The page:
-          A new section was included in 2020 in our Global Employee Engagement Survey (Sept 2020) on gender, equality, diversity and inclusion, to help us better understand racism and its impact in our organisation.

-          We are embedding anti-racism and equity principles in the current development of Plan International’s next Global Strategy (2022-27).

-          An anti-racist language glossary and recommendations for our wider communications are being developed.

-          In relation to our work with partners, we have for example committed that at least 25% of our own humanitarian funding will be passed to national and local NGOs by the end of our next Global Strategy period, and that we will budget for and fairly fund our partners’ organisational support costs and capacity building, as well as a number of other commitments to support, and enhance the visibility of, local and national organisations including youth-led organisations and those focused on girls’ rights. We are taking part in regular conversations at senior leadership level in the sector to consider how we as organisations can take more transformative action for change.
 

-          Adoption of a new People and Culture framework (2021) to transform our culture, focusing on the themes of inclusion, empowerment, wellbeing, agility, building trust and promoting accountability and compliance. This includes a set of interlocking pillars among them Diversity and Inclusion, Safeguarding & Building a Safer Culture, Embedding our values and Value-Based Leadership based on feminist leadership principles.

-          We are developing a Diversity and Inclusion Action Plan setting out a three year programme for achieving long-term sustainable change for a more diverse workforce and inclusive culture.

-          Staff have established a new equality working group to champion change.

-          Developing anti-racist and decolonising language guidelines and brand principles, drawing on the work being done in Plan International globally, as well as on discussions and guidelines developed within the UK-based international development sector coordinated by Bond.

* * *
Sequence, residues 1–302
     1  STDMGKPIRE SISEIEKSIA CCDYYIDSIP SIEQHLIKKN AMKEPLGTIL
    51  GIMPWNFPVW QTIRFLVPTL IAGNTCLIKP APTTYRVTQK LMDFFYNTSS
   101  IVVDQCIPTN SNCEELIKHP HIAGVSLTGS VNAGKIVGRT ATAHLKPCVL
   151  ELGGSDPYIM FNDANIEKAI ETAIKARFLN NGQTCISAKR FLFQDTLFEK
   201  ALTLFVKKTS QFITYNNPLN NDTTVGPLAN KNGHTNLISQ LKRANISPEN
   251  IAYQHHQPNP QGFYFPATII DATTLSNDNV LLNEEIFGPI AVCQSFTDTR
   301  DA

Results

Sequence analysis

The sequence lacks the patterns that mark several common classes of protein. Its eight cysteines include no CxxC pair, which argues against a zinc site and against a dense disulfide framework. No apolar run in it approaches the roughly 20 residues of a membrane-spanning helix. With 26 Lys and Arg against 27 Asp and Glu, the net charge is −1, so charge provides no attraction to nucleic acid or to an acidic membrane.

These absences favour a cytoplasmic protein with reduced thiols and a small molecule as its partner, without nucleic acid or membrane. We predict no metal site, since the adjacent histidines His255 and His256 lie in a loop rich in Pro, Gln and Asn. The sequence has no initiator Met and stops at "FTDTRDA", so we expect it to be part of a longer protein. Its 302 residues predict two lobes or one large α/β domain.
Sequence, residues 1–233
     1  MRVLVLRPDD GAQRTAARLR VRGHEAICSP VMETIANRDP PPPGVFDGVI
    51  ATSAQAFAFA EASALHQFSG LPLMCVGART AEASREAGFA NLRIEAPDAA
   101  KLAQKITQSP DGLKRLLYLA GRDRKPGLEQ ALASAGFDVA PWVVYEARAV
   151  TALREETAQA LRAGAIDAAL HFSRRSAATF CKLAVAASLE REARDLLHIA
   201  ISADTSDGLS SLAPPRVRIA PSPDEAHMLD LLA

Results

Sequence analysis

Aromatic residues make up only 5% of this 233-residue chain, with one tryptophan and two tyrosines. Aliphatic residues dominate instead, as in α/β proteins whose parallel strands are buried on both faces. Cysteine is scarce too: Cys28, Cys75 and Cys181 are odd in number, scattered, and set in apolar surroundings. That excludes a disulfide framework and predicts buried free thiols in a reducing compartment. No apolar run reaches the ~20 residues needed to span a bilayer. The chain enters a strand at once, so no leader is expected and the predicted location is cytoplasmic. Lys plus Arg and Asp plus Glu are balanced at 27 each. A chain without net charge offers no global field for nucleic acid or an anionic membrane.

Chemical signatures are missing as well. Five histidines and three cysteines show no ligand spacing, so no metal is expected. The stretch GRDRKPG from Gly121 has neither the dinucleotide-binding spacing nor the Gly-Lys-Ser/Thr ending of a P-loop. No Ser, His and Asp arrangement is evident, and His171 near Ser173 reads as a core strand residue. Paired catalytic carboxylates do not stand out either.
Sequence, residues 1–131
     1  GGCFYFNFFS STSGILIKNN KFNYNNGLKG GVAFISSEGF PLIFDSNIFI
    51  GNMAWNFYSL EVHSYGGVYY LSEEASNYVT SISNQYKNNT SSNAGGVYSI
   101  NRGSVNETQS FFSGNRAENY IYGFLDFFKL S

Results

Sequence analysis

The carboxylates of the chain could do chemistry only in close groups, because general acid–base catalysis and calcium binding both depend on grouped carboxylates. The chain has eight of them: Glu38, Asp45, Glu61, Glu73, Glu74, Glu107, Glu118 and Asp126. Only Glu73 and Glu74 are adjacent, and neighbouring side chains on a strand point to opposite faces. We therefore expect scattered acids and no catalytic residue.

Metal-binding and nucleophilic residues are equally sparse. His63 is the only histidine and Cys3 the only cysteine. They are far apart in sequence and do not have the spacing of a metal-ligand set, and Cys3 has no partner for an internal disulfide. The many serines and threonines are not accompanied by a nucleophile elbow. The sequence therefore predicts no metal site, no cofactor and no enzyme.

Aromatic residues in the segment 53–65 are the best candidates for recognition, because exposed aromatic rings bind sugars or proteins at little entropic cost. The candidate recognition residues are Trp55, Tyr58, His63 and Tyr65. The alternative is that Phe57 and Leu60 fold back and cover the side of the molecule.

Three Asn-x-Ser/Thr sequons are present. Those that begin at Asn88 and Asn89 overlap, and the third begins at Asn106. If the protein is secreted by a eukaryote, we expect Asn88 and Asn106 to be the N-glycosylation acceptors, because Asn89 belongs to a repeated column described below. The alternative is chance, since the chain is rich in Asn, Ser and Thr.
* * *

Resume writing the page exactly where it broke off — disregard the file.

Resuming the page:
-          Consideration and development of plans for taking an anti-racist and decolonising approach in other areas of our work such as policy and advocacy.

 

3.3 What actions do international aid organisations still need to take to promote diversity and inclusion?

3.4 What actions should donors such as the FCDO take to promote diversity and inclusion in the organisations they fund?

 

For further information please contact:
Ngaire Reynolds, Public Affairs Officer, ngaire.reynolds@plan-uk.org


[1] Rodney, W. (2012). How Europe underdeveloped Africa. Fahamu/Pambazuka

[2] The Humanitarian Global Color Line’: Michael Barnett, University Professor of International Affairs and Political Science George Washington University https://www.alnap.org/blogs/the-humanitarian-global-colour-line (accessed 26.04.21)

[3] https://www.britannica.com/topic/race-human/The-history-of-the-idea-of-race

[4] https://www.bond.org.uk/news/2021/02/3-ways-ngos-and-donors-are-shifting-power-through-governance

[5] https://interagencystandingcommittee.org/grand-bargain

[6] Global Humanitarian Assistance Report 2020, https://devinit.org/resources/global-humanitarian-assistance-report-2020/

[7] https://www.theguardian.com/global-development-professionals-network/2017/jan/14/aid-in-reverse-how-poor-countries-develop-rich-countries

[8] https://www.christianaid.org.uk/sites/default/files/2019-07/Hunger-strike-climate-and-food-vulnerability-index.pdf

[9] For example: https://metro.co.uk/2019/03/06/what-is-a-white-saviour-complex-8793979/

[10] https://publications.parliament.uk/pa/cm201719/cmselect/cmintdev/840/840.pdf

[11] https://www.bond.org.uk/sites/default/files/c7_communique-_recommendations.pdf

[12] It showed only 3% of CEOs are people of colour, 54% of staff who are people of colour have experienced racism at work, and Black workers with degrees earn on average 23.1% less than White workers.